it, Altea needs help, a friend."
"Hey, calm down," Duncan stood and used his full height to step
between the two men.
Joe moved back and was ready for the apologetic look he received;
Richie didn't bother to voice the thought this time, he just sighed
and told them, "If I could just talk to her, make her see, but if I
try, she starts a fight or runs away. She never goes far, but I
always manage to lose her in the city. When she comes back, it
starts all over again. I just need some time alone with her."
Richie's friends were startled by his vehemence, only then realising
that the young man was at his wits' end. Joe suddenly felt guilty
for trying to undermine the faith Richie was putting into this
relationship. Instead of making any more remarks, the Watcher
remained silent, letting MacLeod handle the youth's frustration.
"How about the island?" the Scot suggested on what appeared to be a
stroke of genius. Richie gave him a curious look asking for
clarification, and was given it in, "Well, it's in the middle of a
lake, Altea can't go far, it will give you the time alone, and
there's nothing breakable....except you."
Duncan grinned impishly at his last suggestion, and it was
infectious. The idea seemed to give the youth a new strain of hope
on which to bolster his spirits, and as he made sense of his friend's
offer, the corners of his lips curled upwards.
"Thanks, Mac," he breathed sincerely, and his eyes brightened as new
possibilities were visibly firing off in his thoughts.
Joe was astounded at the change in energy level of the young
Immortal; from grey and listless, his shoulders straightened, he
gained a few inches in height and his face lit up. He seemed
suddenly restless. MacLeod laughed at the obvious wont to be gone up
the new avenue of possibility.
"Go on," he turned back to his desk and waved his friend to the door,
"we'll see you in a few days. Just don't blame me if Altea decks you
when you dump her in the middle of nowhere."
"I won't," Richie responded, almost not listening to what he was
saying as his feet carried him towards the exit; his mind was
definitely on the future, and he just about remembered to shout a
goodbye as he disappeared round the door frame.
Joe turned back to the Highlander as the young form exited the dojo,
and there was only one thing he could find to say.
"He's definitely in love."
Cold, but slightly interested eyes watched as Richie left the dojo.
Felicia couldn't help admiring how much he had changed since their
last encounter. Then he had been a clumsy kid ... although he had
tried hard ... now there was that unmistakable quality about him that
spoke of danger. She was no fool, she knew he'd developed into quite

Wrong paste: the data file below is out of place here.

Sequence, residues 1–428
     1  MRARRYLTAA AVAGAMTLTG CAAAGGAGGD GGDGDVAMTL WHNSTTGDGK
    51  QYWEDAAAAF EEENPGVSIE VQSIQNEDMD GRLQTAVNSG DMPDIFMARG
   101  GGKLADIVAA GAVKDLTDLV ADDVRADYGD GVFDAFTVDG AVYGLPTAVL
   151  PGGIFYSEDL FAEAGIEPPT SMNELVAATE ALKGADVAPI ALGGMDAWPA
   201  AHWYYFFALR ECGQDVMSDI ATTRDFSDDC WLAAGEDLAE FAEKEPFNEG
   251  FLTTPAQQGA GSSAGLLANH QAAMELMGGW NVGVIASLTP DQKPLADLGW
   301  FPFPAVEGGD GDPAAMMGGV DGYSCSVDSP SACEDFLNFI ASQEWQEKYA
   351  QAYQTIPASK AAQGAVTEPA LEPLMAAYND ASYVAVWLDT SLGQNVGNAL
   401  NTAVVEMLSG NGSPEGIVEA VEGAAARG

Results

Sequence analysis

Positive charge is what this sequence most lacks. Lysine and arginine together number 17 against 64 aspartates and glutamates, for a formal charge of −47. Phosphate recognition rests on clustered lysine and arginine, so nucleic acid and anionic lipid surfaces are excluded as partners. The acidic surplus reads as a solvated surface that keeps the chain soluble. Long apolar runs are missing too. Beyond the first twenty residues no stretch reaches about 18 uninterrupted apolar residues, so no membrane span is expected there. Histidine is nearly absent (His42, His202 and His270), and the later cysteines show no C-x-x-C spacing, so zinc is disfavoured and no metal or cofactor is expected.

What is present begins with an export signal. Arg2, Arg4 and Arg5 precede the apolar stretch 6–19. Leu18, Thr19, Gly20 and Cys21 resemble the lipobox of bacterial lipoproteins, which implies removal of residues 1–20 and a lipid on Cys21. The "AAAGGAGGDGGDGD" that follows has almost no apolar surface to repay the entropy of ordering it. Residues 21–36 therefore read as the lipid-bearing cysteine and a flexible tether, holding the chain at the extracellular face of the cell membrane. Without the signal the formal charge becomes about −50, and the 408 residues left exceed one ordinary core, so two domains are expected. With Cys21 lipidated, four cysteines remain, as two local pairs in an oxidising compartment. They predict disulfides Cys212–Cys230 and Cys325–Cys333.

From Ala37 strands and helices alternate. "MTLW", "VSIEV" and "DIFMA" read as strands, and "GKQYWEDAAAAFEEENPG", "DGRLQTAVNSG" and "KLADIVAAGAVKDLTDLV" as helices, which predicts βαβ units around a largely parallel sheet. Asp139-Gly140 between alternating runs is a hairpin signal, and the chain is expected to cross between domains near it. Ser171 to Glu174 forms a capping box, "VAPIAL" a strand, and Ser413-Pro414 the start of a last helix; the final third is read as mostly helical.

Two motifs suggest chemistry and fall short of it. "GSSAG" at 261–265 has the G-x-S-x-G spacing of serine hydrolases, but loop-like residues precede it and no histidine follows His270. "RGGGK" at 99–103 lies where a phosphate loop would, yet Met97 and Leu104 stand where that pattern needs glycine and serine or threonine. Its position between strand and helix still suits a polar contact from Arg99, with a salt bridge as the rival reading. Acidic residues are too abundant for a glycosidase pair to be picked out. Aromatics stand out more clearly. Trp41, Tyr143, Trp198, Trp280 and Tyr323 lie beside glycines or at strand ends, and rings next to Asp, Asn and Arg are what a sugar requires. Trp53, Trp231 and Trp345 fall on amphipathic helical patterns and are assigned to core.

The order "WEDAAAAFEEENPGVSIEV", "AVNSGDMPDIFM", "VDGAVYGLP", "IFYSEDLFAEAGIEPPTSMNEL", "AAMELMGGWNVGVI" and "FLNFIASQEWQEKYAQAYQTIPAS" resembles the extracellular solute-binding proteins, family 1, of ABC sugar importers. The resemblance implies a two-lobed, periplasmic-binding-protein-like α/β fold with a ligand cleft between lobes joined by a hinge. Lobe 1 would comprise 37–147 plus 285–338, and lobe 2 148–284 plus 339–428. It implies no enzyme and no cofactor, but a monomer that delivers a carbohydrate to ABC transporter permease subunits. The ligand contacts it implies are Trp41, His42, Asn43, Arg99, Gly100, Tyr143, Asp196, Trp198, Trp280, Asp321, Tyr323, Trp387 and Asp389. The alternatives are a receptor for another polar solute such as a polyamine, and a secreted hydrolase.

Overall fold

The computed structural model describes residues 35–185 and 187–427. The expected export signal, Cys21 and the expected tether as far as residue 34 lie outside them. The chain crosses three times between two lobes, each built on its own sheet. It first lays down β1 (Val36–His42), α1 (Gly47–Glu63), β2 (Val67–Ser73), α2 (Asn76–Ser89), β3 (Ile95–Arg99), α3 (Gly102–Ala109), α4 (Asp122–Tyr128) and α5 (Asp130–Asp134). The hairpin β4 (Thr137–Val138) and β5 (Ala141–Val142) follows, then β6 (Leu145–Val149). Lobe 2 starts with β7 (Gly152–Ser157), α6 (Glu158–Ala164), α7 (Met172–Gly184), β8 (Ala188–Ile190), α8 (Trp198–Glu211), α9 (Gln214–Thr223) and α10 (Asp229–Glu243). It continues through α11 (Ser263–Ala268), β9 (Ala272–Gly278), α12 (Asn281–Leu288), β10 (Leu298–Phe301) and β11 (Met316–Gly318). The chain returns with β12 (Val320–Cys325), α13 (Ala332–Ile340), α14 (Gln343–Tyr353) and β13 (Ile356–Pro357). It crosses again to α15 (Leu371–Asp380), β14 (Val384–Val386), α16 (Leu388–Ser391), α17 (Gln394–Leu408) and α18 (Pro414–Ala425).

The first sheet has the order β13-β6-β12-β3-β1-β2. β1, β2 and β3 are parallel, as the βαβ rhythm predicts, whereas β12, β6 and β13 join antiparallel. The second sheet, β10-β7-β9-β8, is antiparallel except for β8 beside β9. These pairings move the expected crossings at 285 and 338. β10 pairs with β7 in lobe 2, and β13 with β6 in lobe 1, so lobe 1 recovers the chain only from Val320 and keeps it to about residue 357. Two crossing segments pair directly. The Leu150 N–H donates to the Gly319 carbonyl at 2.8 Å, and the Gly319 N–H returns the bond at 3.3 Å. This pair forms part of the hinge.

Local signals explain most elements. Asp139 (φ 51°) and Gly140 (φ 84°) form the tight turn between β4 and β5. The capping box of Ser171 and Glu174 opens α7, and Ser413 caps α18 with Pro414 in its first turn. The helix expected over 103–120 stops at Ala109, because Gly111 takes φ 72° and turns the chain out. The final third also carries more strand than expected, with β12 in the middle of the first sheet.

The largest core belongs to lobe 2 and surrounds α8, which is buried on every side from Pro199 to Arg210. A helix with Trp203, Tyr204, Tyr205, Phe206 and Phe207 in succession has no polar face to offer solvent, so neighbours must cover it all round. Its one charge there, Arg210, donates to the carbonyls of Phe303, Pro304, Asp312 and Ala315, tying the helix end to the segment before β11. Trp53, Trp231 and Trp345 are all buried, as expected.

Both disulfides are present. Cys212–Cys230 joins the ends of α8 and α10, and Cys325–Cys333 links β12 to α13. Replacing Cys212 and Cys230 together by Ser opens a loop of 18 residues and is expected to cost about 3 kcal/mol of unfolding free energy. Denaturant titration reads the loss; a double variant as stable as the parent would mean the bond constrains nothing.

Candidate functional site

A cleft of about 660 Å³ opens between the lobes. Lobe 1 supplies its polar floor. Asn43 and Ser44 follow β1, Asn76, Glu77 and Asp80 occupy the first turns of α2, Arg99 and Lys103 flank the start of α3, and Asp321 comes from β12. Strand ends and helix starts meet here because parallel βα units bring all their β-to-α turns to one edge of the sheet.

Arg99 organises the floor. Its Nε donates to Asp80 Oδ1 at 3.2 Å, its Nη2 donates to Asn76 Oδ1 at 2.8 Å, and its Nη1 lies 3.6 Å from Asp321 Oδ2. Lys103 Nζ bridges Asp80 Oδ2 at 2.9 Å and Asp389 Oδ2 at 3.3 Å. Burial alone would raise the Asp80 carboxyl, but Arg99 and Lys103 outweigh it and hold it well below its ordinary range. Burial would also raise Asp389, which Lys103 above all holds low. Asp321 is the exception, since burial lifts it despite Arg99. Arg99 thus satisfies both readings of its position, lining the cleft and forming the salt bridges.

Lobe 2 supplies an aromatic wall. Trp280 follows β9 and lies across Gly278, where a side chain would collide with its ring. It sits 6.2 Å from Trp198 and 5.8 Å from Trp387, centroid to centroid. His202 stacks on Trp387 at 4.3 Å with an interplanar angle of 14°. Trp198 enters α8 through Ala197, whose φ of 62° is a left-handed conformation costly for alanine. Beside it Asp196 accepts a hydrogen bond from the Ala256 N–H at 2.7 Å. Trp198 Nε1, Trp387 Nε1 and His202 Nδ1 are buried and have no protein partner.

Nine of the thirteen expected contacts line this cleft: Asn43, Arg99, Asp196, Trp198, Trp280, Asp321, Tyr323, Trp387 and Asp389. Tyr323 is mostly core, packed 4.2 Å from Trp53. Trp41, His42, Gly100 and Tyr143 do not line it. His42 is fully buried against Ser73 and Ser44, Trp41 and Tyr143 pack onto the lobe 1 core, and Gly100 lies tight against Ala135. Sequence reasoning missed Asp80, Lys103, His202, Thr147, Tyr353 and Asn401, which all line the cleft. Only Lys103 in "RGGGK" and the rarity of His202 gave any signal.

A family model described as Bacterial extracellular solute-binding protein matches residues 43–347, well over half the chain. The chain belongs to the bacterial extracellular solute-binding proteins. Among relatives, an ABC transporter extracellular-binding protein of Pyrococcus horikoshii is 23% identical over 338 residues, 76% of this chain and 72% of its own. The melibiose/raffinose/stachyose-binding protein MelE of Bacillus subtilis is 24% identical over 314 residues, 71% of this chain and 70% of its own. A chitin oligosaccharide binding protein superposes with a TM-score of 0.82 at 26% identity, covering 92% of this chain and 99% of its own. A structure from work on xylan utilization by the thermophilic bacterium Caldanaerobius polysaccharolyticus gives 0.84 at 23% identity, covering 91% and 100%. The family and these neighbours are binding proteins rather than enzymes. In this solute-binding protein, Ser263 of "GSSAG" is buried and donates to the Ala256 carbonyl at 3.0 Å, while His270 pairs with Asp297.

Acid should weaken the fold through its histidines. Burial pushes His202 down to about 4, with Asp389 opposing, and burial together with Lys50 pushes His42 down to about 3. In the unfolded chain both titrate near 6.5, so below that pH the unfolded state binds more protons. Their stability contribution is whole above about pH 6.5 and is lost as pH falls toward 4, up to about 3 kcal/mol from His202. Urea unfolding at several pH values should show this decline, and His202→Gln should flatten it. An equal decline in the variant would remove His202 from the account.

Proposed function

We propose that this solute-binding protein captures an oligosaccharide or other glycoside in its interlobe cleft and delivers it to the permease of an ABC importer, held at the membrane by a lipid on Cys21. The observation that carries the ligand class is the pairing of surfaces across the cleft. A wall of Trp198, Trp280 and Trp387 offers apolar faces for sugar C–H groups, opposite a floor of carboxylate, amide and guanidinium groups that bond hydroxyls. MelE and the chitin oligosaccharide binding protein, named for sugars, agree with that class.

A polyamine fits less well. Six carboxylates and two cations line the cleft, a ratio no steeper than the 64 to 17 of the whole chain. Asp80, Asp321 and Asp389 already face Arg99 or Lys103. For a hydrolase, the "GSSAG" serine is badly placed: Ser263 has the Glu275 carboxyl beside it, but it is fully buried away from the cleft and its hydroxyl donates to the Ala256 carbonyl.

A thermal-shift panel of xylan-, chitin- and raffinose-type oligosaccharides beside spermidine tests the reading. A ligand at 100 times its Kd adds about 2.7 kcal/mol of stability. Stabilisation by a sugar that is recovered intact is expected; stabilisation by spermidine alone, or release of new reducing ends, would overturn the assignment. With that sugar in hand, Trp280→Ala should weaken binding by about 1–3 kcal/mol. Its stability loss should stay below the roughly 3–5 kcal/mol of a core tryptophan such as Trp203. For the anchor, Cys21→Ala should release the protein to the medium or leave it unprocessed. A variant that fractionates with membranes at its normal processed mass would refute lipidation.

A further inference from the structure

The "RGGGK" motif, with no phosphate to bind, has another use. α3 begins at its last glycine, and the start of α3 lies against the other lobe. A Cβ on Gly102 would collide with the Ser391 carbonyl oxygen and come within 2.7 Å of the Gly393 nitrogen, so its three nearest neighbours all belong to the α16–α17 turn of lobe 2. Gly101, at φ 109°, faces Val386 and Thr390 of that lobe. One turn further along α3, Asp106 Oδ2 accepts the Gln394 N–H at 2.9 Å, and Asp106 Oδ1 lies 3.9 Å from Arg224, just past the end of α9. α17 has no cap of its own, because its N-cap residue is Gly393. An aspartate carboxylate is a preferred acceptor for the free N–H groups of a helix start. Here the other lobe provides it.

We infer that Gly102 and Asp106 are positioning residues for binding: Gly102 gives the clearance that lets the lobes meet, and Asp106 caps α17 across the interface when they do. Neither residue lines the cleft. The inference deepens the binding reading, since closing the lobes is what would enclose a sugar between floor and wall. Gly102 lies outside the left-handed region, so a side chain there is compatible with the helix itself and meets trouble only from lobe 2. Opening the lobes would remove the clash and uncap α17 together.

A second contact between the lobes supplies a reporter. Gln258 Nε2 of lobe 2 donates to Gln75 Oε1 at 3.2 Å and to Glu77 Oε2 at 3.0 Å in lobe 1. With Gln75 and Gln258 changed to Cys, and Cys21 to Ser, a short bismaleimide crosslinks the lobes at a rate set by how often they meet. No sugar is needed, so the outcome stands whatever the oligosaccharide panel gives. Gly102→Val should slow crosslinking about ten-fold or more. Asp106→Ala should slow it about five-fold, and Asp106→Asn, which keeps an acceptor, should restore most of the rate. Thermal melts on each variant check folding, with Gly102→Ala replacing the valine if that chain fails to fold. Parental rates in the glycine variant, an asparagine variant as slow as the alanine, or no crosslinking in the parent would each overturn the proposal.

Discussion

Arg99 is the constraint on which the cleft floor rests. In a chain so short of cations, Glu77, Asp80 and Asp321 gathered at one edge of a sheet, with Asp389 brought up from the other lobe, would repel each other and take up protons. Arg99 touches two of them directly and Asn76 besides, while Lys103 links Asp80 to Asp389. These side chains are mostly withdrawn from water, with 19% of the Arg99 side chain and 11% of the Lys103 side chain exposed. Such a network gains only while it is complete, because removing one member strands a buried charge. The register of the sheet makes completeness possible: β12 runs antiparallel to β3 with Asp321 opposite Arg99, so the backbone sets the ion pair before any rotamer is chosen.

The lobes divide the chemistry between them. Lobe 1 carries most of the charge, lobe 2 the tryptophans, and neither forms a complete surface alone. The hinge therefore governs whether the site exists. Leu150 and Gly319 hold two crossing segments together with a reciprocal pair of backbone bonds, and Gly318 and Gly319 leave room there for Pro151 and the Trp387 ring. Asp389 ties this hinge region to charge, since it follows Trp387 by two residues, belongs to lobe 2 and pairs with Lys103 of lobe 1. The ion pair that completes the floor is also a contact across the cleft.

a fighter, but once she'd finished with him he would be just as dead
as if he was still the boy. Maybe she could have some fun first.
The motorbike was a nice touch as far as Felicia was concerned and
she watched him ride away with a small smile on her face. It would be
a shame to put an end to such a fine example of the human species,
but he wouldn't fall for her tricks like the Highlander almost had,
and she would take him whilst she was still sure she could. Going
into a fight she might loose was not in Felicia's mindset, and she
was confident that Duncan MacLeod would soon be short one student.
The battle would keep, however, Richard Ryan and whoever he was
shacked up with weren't going anywhere just yet. No one knew she was
in the city and time was on her side. She had watched his routines,
and there was plenty of opportunity to plan her attack. That was if
the hell cat of a woman with whom he was sharing an apartment didn't
take him apart first. Felicia had never been close enough to really
find out about the vixen Richie spent so much of his time with, but
she found the obviously explosive relationship very amusing.
"I'll show you fireworks you won't forget," the woman whispered to
herself as she watched her quarry disappear, "see you soon, babe."
Then she turned and walked away in the opposite direction, her mind
working through gruesome scenarios which left her expression
The stilted way in which she held onto his waist told Richie that the
woman sat behind him was uncomfortable and hostile. There wasn't
much chance for conversation when wearing a crash helmet, but body
language was more than enough to tell the young Immortal that Altea
was not happy with him.
'So what's new?' he thought to himself as he drew his bike to a stop
in the deserted open space that was the start of MacLeod's favourite
For a moment he paused there, allowing himself to be distracted by
the immense presence of nature which spread out before him. Yet, as
his pillion shifted impatiently behind him, waiting for his lead, but
expressing her dissatisfaction none-the-less, Richie sighed. The
sound was hidden by the helmet, but his warrior-trained companion
felt the gesture through touch, and she stiffened. Deliberately,
Ryan pulled off the protective head-covering and turned in his seat
to look into the hostile eyes through Altea's visor.
"We're here," he announced rather lamely.
The young woman had made eye-contact with him, always quietly defiant
-- of what - Richie didn't know. Yet, as soon as she was given
leave, the exotic creature's gaze was gone and she slipped gracefully
off the machine. Richie watched her move, fluid, precise, and he was
caught for a moment; trapped by the fine lines of her body displayed
through the close-fitting biker's leathers she had selected.
Cascades of hair tumbled over her petite shoulders as she too removed
her helmet. Then bright eyes surveyed him again, and Ryan turned
quickly back to his bike as those dark pool narrowed at his
Taking a deep breath to calm the fire in his heart, the young man
secured the bike and climbed off, taking another moment before he